Earlier in the day, the land had seemed washed-out like an overexposed photograph. But now the dim light of dusk coaxed out an astounding number of colors: deep orchard greens, blush-red dirt, sapphire sky. Before darkness completely enveloped us, we watched twilight re-paint the landscape a hundred different times.

 

Millie and I were sharing breakfast in the parlor the next morning, when the mail arrived. In it was a letter from Coldwell Banker offering her a free appraisal of her house. Millie already knew that her five-tier ranch was worth a total of about $2 million, but she had no interest in cashing it in. “I won’t sell,” she vowed. “I’ve told them that already!” And yet, letters like this one came on a regular basis. “It seems like I’ve gotten a lot more of these since Jimmy died,” she said, eyeing the Coldwell letter with contempt. “Maybe they figure it’s too much for me to handle.” And financially it was a lot to handle. Millie already owed tens of thousands of dollars in medical bills: Jimmy had suffered a slow death from cancer, and the debt his illness created now sadly seemed to imperil his ranch as well.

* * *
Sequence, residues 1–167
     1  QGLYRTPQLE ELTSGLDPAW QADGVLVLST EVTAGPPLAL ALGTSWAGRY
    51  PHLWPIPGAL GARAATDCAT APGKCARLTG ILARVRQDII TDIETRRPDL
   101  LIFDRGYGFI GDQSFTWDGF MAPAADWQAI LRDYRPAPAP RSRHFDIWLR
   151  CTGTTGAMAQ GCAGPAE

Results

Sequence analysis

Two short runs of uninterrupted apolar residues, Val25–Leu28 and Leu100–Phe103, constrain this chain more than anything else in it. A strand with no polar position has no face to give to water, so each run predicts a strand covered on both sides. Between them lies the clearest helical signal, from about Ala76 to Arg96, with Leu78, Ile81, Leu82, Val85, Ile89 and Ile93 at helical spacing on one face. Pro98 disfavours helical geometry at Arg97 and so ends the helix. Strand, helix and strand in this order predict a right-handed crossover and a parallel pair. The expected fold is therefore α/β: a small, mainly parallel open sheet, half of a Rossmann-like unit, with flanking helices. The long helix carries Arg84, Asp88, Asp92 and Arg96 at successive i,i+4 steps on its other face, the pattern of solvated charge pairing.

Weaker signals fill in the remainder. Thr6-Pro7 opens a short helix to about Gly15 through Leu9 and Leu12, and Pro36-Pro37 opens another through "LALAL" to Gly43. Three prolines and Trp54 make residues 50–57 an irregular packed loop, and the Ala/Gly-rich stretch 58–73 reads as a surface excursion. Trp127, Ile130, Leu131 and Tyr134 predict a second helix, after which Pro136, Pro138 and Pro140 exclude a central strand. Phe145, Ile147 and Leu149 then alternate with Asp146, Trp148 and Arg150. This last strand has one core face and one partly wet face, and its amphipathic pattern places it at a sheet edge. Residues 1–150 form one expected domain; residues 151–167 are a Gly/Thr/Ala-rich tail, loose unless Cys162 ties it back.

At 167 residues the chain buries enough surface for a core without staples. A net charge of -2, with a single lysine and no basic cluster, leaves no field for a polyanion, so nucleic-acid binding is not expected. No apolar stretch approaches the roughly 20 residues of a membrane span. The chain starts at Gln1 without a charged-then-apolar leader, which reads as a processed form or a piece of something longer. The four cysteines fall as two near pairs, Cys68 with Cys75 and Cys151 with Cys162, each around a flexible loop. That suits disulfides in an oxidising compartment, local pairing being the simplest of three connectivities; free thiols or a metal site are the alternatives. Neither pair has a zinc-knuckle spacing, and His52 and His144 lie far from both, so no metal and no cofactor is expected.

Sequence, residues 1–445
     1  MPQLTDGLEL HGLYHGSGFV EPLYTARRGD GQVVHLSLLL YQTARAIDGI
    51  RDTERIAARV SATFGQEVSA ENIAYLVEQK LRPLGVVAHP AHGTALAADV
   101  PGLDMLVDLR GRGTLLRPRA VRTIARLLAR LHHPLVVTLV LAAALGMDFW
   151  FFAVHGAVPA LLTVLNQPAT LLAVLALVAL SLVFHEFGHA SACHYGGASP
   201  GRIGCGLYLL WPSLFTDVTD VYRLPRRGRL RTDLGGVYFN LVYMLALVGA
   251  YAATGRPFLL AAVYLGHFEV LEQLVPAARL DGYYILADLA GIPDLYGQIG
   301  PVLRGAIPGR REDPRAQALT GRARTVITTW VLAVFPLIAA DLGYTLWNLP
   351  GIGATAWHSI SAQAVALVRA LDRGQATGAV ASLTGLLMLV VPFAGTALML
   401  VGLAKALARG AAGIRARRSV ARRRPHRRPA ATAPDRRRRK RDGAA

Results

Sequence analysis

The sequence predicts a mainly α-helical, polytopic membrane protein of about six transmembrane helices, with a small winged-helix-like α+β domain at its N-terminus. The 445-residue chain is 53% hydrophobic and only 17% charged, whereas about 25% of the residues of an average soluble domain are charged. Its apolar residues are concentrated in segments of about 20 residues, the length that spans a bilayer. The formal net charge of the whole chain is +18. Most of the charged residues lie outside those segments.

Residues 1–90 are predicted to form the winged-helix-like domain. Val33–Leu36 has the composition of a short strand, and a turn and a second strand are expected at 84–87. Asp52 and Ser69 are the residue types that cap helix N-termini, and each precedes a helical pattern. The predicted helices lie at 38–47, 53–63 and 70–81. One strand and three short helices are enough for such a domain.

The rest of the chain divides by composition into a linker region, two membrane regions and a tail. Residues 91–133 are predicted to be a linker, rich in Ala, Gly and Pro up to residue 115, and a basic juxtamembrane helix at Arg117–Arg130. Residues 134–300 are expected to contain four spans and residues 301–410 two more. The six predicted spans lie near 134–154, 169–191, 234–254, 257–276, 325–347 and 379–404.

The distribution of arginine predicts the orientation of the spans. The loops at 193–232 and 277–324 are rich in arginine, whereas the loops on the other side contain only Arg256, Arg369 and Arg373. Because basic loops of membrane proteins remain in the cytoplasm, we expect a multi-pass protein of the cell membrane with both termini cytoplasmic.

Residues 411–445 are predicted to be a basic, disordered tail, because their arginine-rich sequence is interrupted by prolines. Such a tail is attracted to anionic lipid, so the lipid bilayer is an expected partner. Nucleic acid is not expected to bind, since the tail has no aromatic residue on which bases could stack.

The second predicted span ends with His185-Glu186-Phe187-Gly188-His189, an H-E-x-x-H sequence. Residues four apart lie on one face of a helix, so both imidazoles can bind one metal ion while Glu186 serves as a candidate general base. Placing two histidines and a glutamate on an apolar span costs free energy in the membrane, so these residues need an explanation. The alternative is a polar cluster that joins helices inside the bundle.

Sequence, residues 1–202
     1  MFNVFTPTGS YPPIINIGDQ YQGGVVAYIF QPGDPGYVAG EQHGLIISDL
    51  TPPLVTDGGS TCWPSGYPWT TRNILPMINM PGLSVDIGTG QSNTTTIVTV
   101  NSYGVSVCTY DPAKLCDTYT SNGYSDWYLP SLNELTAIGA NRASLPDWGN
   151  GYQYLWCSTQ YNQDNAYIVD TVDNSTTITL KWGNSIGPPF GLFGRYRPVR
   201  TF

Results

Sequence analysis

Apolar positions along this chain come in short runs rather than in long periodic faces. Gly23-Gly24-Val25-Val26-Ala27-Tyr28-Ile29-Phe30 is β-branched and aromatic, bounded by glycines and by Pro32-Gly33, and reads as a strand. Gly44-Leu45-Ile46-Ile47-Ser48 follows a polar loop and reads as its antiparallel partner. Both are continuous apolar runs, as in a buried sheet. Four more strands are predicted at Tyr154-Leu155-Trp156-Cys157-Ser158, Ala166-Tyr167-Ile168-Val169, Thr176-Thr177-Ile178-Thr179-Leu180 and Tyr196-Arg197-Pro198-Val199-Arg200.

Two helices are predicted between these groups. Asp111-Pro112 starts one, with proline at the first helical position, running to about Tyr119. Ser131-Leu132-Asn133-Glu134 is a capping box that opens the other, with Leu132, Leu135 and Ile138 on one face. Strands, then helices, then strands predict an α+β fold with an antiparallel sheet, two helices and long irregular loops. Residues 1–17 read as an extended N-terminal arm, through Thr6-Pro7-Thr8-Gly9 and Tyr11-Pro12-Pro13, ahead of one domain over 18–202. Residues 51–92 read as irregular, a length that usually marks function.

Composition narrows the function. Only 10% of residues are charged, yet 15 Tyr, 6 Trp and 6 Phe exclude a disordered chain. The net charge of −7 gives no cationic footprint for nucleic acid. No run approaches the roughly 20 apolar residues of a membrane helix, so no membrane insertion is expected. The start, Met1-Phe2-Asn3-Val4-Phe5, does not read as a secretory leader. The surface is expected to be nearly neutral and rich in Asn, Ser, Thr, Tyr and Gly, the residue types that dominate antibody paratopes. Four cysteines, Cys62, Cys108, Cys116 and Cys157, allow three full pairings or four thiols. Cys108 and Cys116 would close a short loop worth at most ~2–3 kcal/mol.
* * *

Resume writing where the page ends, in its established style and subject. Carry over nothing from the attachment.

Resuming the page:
Millie’s determination to stay on was a long-standing Decker tradition. Ever since the mid-1890s, the Rindge family — the millionaires who once owned almost all of modern-day Malibu — had been trying to buy out the old homesteaders. May Rindge, the ambitious widow of Fredrick Rindge, was especially determined to clear out her neighbors. For the most part, she was successful. Survey maps from the ’teens and ’20s show the Rindge estate steadily expanding into the canyons. The Deckers rebuffed every overture; on map after map, their plots remained intact. “There was a lot of tension between the Decker family and the Rindge family,” I was later told by Glen Howell, a local historian and a docent at the Adamson House museum. “But to their credit, the Deckers were one family that refused to sell.”